One of the best parts of living in South Korea is it’s a hop, jump, and a skip away from a myriad of destinations within Asia. With the popularity of budget airlines like AirAsia, it’s easier than ever to go on that trip into the Mongolian desert or the temples of Cambodia. One of the most impressive places to go is the Philippines, which is where my family and roots are. There’s many a blog by teachers about their trips to the archipelago, detailing the bliss you find from escaping the bitter Korean winter to an island paradise like Boracay or Palawan. Going to any of those locations for holiday is a guaranteed good time.
Because of the nature of there being more than seven thousand islands in the country, direct flights to those beaches are rare, many requiring the capital city of Manila as the jump off point. As someone who can speak the language, blend in, and has family in the city, I can say that Manila can be a headache even for me. In fact, most outsiders hate it. The critiques are usually a mix of these things: the traffic is terrible, there’s nothing but malls, the food is not worth writing home about. Although there is some truth to these, it’s impossible that this is where one should end in forming an opinion of a place. In fact, I thrive in places other travelers hate, because it makes me wonder what lenses one uses to have those criticisms. Oftentimes, we compare places in the global south to our own cities, expecting the pace or technology to be the same. This is exactly why Manila is a perfect place to shift our perspectives and find inspiration and energy in it. I don’t want to rattle off the top tourist destinations within the city, because you can find that easily online, rather focusing on the little things that make Manila special to me. (Spoiler alert, they are mostly food.)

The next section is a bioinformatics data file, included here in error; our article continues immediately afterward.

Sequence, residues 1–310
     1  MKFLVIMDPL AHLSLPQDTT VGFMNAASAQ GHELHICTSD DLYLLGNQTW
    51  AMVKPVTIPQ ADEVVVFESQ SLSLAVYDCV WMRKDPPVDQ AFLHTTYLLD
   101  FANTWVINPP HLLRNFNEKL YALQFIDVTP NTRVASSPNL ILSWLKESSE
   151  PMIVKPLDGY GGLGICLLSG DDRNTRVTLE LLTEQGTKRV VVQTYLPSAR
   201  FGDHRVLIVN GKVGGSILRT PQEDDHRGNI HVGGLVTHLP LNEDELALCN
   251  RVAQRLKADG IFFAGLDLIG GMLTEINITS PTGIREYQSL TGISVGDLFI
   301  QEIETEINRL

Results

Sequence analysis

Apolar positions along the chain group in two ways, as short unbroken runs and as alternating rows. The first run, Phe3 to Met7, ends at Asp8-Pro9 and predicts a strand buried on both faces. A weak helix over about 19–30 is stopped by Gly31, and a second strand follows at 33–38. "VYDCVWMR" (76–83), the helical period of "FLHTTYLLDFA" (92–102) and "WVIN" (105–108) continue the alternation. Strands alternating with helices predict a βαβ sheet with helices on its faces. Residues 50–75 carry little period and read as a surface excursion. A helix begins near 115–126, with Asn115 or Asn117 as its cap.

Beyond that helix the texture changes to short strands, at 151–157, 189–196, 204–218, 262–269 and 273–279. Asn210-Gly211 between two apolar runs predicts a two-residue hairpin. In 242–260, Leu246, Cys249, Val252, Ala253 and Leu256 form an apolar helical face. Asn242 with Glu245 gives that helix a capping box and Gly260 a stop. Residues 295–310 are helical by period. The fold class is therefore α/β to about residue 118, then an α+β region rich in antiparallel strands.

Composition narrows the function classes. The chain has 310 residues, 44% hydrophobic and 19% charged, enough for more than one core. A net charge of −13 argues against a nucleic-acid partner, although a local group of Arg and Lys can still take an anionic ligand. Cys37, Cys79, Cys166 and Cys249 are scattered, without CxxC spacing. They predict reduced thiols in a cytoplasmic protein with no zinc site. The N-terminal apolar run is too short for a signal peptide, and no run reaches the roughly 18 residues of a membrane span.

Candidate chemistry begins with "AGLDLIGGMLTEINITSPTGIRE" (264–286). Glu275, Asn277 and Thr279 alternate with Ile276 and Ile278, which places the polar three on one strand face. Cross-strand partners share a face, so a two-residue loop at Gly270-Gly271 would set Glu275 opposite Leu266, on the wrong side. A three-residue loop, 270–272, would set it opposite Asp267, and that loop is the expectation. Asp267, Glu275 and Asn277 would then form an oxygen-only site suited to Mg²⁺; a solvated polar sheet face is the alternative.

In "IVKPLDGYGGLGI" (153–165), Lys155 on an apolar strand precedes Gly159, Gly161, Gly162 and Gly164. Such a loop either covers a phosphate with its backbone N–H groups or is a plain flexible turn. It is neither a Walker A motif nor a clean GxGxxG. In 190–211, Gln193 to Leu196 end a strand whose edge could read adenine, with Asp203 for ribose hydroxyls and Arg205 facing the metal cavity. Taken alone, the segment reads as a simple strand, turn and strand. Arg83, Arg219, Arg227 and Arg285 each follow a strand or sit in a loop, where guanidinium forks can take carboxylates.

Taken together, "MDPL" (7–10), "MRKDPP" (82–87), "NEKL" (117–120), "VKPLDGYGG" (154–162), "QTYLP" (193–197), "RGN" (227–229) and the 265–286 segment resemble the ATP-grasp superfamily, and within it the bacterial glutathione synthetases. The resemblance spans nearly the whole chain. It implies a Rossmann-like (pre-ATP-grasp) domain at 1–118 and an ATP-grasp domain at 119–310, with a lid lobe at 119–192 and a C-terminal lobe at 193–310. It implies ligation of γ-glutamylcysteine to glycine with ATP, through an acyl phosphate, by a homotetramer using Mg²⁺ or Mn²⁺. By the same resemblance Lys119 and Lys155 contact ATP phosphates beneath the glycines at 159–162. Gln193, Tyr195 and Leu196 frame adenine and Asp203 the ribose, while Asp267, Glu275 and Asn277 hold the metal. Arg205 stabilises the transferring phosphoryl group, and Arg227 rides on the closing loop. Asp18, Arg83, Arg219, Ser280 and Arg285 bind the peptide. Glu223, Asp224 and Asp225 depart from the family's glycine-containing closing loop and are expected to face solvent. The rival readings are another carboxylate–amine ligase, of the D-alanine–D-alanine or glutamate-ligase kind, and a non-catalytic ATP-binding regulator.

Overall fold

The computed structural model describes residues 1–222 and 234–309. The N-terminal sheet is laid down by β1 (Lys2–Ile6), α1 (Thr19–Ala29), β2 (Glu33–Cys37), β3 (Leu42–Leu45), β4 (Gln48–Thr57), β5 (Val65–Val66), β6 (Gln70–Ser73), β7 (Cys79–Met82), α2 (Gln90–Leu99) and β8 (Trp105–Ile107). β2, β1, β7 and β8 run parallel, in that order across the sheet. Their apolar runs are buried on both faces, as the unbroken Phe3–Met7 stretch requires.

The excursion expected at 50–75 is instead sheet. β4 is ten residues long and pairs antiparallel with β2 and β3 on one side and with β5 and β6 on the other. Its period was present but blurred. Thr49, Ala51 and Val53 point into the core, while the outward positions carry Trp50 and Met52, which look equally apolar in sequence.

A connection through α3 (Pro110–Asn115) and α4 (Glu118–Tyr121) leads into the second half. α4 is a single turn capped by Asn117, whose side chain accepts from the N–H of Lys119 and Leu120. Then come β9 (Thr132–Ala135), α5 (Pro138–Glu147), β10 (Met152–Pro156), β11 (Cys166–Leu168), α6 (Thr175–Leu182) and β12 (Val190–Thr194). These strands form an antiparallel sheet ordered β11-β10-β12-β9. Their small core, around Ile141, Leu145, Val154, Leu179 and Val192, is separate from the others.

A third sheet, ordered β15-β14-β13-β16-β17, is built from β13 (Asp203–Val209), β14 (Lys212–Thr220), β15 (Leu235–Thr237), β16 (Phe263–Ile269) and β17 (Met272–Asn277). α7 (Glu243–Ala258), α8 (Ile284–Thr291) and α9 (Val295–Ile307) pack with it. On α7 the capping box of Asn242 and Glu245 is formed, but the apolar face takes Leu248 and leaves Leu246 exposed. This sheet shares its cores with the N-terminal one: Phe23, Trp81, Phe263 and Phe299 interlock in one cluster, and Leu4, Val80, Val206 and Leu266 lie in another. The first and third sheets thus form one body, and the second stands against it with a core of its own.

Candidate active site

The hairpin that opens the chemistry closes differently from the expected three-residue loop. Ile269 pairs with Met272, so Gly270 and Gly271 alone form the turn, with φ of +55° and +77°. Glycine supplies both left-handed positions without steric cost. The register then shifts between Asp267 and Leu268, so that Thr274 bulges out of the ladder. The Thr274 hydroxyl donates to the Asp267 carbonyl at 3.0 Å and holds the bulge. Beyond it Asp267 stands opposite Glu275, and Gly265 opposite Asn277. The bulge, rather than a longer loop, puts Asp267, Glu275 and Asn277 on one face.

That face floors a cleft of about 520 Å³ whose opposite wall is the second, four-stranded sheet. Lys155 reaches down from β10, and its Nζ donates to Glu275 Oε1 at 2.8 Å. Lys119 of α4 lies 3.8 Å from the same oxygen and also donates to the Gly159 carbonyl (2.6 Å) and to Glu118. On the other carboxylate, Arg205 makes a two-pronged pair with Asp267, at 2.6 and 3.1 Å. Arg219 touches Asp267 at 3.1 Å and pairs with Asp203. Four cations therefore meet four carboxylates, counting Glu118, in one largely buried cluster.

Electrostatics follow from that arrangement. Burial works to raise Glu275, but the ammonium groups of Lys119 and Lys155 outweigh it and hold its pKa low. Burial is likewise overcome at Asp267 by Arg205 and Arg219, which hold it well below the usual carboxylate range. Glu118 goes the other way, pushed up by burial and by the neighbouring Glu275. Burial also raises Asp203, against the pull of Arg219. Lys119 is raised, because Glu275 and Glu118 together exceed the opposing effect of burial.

One of my favorite parts about the Philippines is breakfast. Manila in particular is a city that is always awake, and if you prioritize enough, you can hear people in the street yelling “taho” in the early hours of the day. Taho is somewhere between a dish and a beverage, made of warm silken tofu, tapioca pearls, and brown sugar simple syrup, mixed into a cup that you slurp. It’s sweet and filling and not lacking in protein to start your day off right. It reflects the distinctly Chinese origins of a lot of pinoy cuisine. The best part of this food is the experience it takes acquiring it. I used to live in a neighborhood called Mandaluyong, where my local taho person would start walking around as early as 5 am. They walk and yell carrying two metal barrels levied by a bamboo stick that they balance on their shoulders, which is a beautiful sight to see. Bonus points if you bring your own cup!